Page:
Sunday, 17 June 2007

We've had the second reveiw now, and the improvement in his performance on the tests is quite dramatic. As predictied, after an initial dip in all-round performance, the dodgy 'vesibular' score has surged up close to normal levels while the others senses seem to be learning to work with this newly awakened team-mate.

All this is undeniable. I watch hawk-eyed as the Dore staff put my son through his paces, looking for signs that would account for the improvement; are they rejecting unfavourable results?; are they skewing the scores through the instructions they give? And, no - they aren't. Tests are performed fairly - and if anything there is less encouragement now to son to really concentrate on the tests - not more. Could it be that son is simply getting better at doing the tests (eg balance board) because he's done them before and knows what to expect? Possible, I suppose - but not very likely because he only does the tests a few times and then has a 6-week gap between.

So it seems undeniable to me that all the hard work is paying off in terms of physical response - and this is supported by my own observation as he does the test. His balance is dramatically better; he can whip through exercises that make me dizzy when I try them for a few seconds. He is getting more co-ordinated.

BUT what I haven't seen yet is any real spilling over of this physical improvement into behaviour. His concentration in class seems much the same - BAD. His new good handwriting is still reserved for concentrated bursts when working with an adult - not for normal school work. He still struggles with 'thoughts-to-paper' and getting his mind to pin-down a Maths question, stay on task, spell a simple word, organise himself.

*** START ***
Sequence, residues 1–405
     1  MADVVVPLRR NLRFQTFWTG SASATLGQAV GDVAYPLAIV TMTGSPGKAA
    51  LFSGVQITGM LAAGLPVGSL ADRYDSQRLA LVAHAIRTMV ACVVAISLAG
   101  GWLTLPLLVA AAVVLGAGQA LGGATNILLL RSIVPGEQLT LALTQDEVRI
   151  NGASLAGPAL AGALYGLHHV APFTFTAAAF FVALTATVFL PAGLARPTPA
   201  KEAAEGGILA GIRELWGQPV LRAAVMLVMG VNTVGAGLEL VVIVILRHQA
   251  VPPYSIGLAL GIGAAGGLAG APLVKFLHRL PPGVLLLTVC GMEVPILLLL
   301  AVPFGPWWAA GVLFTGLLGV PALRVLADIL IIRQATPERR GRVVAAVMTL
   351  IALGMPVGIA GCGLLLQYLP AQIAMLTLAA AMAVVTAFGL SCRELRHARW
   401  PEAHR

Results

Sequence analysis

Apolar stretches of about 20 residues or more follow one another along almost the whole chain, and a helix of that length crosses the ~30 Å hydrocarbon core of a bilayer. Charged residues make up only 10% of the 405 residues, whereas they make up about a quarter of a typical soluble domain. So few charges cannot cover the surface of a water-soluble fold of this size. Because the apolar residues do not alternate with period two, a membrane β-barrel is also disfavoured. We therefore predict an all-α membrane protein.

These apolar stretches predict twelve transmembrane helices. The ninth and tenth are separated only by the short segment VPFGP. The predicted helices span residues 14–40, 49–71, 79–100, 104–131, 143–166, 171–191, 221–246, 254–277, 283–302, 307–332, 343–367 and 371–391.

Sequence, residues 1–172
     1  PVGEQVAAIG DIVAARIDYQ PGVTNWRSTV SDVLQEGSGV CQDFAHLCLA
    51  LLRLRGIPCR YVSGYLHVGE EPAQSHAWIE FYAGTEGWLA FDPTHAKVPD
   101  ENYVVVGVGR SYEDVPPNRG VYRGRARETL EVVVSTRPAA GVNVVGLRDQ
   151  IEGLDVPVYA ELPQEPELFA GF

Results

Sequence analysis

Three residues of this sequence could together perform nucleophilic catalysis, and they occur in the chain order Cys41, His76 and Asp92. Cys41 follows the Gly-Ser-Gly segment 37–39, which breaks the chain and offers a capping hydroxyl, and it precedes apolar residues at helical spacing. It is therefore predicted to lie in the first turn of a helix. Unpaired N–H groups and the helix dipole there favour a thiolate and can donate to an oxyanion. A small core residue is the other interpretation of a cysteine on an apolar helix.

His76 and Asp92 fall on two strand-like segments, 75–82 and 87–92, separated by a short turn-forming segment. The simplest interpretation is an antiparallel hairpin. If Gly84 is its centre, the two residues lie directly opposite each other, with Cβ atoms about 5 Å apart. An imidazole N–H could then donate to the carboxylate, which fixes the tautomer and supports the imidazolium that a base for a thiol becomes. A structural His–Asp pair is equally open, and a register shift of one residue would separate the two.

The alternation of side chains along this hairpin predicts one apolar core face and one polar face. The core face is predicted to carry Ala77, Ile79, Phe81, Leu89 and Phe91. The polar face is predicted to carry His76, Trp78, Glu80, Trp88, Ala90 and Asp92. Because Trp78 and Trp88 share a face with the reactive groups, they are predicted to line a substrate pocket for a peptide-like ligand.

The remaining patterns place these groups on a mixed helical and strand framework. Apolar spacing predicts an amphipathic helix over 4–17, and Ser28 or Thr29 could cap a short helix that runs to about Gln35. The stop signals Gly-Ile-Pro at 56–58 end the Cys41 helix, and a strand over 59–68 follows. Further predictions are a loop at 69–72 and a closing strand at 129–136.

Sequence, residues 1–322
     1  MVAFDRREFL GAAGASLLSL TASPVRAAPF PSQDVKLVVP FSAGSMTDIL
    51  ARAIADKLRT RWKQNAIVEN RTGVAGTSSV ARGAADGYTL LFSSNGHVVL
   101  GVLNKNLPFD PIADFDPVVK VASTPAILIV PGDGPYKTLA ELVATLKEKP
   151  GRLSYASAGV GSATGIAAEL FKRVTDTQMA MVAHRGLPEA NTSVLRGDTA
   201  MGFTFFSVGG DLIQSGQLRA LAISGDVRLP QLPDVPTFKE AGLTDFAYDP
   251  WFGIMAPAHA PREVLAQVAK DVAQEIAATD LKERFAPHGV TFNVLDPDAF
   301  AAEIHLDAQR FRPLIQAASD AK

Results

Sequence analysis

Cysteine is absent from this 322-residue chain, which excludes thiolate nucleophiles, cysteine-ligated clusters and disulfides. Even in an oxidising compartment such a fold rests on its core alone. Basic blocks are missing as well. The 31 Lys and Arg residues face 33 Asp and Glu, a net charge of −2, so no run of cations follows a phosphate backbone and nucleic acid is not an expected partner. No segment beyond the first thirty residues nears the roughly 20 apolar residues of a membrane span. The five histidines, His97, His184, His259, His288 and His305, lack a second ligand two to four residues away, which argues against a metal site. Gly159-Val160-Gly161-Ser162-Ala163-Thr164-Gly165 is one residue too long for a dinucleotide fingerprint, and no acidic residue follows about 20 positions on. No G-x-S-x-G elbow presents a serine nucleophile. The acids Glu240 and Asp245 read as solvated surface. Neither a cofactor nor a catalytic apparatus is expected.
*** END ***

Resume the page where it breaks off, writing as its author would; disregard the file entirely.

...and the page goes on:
But 4 months isn't long. (Is that all it's been? I've counted 3 times, unable to believe it!). I'm very glad that the tests vindicated our hard-work and showed big change. I'm glad he works so hard at the tests. It shows he CAN apply himself to tasks that are often tedious and uncomfortable for no immediate reward except praise and self respect. I expect this shouldn't be under-valued in itself.


Kate said...

Glad to see some encouraging progress, Helen.

johnson127 said...

It's very early days, but that sounds very promising.

maggie said...

Helen, keep your chin up! My son has been a dore client for over a year. For my son the physical improvements came first and we noticed his sports ability start to improve (a nice byproduct). He started to show academic gains at about 6 months. The improvements were so slow and gradual that I didn't always notice until something proompted me to look back to a few months before. He has made very significant gains in both reading and putting his thoughts down on paper. He is generally calmer. He reads and responds better in social situations. We are nearing the end and I am hoping for improvements in distractablity at school and spelling.

Anonymous said...

Yes keep going Helen it is dispondent when you feel things are not changing but as you have seen from his last assessment it can change from one to another. Even if there are no real signs of improvement it is what is happening behind the scenes thst you cannot see which makes the difference. Their balance etc always improve first and then their improvements in learning come later along with their behaviour changes he has to start coming out of the fog to start feeling that he has control, this will come just be patient. Reap the benefits of what he has achieved so far and the rest will come when it is ready. Ellie XXX